Using a process-based approach to personalize CBT for better success
The process-based approach to cognitive-behavioral therapy (CBT) is a unique method for understanding psychological problems as complex networks of interacting processes. It allows therapists to grasp the individuality, complexity, and dynamics of psychological disorders – things that often get missed in diagnosis-oriented approaches. The authors, both experienced researchers and practitioners of this method, explore how understanding these complex networks enables therapists using CBT to focus on the core processes responsible for a person’s suffering.
First, the reader is shown how emotional, cognitive, behavioral, and somatic processes interact in maintaining maladaptive states and how this approach identifies the points at which therapeutic interventions can be applied to achieve maximum leverage. This is followed by guidance on implementing the approach in practice, including addressing diagnostic issues, to create an individual process-based model network for selecting the right evidence-based interventions. The process-based approach forms a connecting foundation that combines classical CBT with third-wave approaches (acceptance commitment therapy, schema therapy) and integrates helpful recent developments in psychotherapy research, such as evolutionary theories. Practitioners will find the downloadable tools in the appendix invaluable for their clinical practice. This book is of interest to clinical psychologists, psychiatrists, psychotherapists, mental health practitioners, students, and trainees.
Praise for the book
“Each era of psychotherapy brings with it new insights, tools, and challenges. The shift towards a process-based approach, as articulated by Svitak and Hofmann, is not just the next phase of this journey but shows every sign of being a transformative leap. It holds the promise of deeper understanding, more effective interventions, and the potential to touch and transform countless lives.”Steven C. Hayes, PhD, Nevada Foundation Professor at the University of Nevada, Reno, NV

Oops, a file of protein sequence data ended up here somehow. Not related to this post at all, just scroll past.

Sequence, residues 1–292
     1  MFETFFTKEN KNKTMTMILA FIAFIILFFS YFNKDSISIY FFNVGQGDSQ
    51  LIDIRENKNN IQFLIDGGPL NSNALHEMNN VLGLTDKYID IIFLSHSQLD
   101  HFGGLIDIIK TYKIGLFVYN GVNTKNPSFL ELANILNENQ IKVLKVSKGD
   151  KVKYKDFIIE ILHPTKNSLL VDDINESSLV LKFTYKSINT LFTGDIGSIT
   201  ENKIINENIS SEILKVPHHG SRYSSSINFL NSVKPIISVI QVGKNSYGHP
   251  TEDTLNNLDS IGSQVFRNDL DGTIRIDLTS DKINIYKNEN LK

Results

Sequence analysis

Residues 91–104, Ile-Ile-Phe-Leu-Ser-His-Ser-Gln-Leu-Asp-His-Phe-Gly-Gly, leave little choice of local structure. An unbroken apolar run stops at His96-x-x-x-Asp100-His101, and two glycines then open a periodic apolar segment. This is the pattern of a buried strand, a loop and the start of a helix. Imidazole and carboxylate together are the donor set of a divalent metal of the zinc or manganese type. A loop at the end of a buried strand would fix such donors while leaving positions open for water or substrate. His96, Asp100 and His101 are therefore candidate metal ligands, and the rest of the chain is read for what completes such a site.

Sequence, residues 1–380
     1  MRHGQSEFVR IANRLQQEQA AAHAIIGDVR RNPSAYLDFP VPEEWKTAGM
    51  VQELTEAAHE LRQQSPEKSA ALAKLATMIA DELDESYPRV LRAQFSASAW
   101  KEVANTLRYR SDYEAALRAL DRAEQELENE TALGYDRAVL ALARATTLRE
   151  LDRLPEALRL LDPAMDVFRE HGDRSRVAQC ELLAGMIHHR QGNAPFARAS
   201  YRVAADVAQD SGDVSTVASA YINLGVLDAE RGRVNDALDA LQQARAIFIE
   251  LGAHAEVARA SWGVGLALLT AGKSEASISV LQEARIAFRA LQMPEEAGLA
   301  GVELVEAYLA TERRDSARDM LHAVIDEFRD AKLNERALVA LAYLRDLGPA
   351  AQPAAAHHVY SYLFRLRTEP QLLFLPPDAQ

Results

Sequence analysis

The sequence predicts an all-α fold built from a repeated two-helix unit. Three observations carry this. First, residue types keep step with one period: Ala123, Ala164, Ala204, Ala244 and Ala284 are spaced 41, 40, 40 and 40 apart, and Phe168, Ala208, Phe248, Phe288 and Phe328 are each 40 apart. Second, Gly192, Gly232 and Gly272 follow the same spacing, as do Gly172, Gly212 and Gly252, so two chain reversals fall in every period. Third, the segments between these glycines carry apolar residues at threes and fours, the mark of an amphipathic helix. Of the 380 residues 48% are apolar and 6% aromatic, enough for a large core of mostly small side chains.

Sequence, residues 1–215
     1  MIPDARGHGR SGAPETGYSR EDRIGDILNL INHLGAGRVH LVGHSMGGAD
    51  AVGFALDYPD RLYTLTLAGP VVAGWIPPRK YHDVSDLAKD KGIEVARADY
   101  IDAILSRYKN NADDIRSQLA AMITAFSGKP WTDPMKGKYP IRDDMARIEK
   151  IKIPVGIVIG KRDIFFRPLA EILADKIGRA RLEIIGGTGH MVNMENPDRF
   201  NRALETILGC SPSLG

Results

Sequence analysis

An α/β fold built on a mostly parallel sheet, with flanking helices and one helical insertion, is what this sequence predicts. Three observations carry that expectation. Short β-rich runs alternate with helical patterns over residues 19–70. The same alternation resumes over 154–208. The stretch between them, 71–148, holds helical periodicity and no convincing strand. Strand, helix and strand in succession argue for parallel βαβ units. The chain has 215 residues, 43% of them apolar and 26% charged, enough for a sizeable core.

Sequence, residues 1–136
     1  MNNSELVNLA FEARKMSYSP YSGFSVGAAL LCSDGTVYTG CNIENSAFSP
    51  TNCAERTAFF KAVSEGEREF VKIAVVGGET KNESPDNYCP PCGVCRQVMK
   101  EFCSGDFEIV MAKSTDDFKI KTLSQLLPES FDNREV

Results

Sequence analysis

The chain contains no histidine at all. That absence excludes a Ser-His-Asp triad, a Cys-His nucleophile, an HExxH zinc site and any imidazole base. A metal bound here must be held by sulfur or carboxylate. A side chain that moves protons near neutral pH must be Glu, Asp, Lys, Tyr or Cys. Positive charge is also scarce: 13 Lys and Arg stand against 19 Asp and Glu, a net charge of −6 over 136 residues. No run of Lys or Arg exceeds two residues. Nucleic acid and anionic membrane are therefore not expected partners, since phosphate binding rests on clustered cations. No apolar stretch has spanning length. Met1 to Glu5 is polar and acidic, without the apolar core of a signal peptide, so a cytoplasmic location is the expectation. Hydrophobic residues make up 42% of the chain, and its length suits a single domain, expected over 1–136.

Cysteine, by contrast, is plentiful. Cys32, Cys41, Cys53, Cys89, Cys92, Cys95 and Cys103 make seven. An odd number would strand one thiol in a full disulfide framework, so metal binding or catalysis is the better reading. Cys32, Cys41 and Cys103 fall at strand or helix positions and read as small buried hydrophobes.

“Many clinicians and clinical scientists around the world have heard of the important innovation referred to as ‘a process-based approach to CBT’, but in my experience many of those individuals are not quite sure what it is or why it’s important. Now, all answers covering both theory and practice are clearly laid out in this well-written illustration of this approach. All clinicians and therapists should take advantage of this volume to understand the basic principles of dealing with underlying behavioral and affective processes rather than symptoms in their attempts to relieve human suffering associated with psychopathology.”David H. Barlow, PhD, ABPP, Professor Emeritus of Psychology and Psychiatry and the Founder of Center for Anxiety and Related Disorders, Boston University, MA
“There is a race afoot for the leading theoretical position in CBT and it’s being won by those advocating a process-based approach. The disease model has dominated clinical diagnosis, but it has failed to reflect the reality that 80% of ‘disorders’ are comorbid with other ‘disorders’. This work is an excellent introduction to the rationale, conceptualization, and treatment implications of a process-based therapy. It is concise, powerful, and clear, and will give the reader the understanding and the tools to transcend the fictionalized world of the current diagnostic manual. I highly recommend this excellent book.”Robert L. Leahy, PhD, Director of the American Institute for Cognitive Therapy, New York City, NY
“This book is like an eye-opener to the vision of future psychotherapy. Highly integrative and still evidence-based, dynamic case formulations instead of inflexible school-based problem definitions, and open for continuous developments: Psychotherapy overcomes the barriers of traditional thinking, and embraces the complexity and individuality of clinical problems.”Winfried Rief, PhD, Spokesperson of the LOEWE Center DYNAMIC and Head of the Department of Clinical Psychology and Psychotherapy, University of Marburg, Germany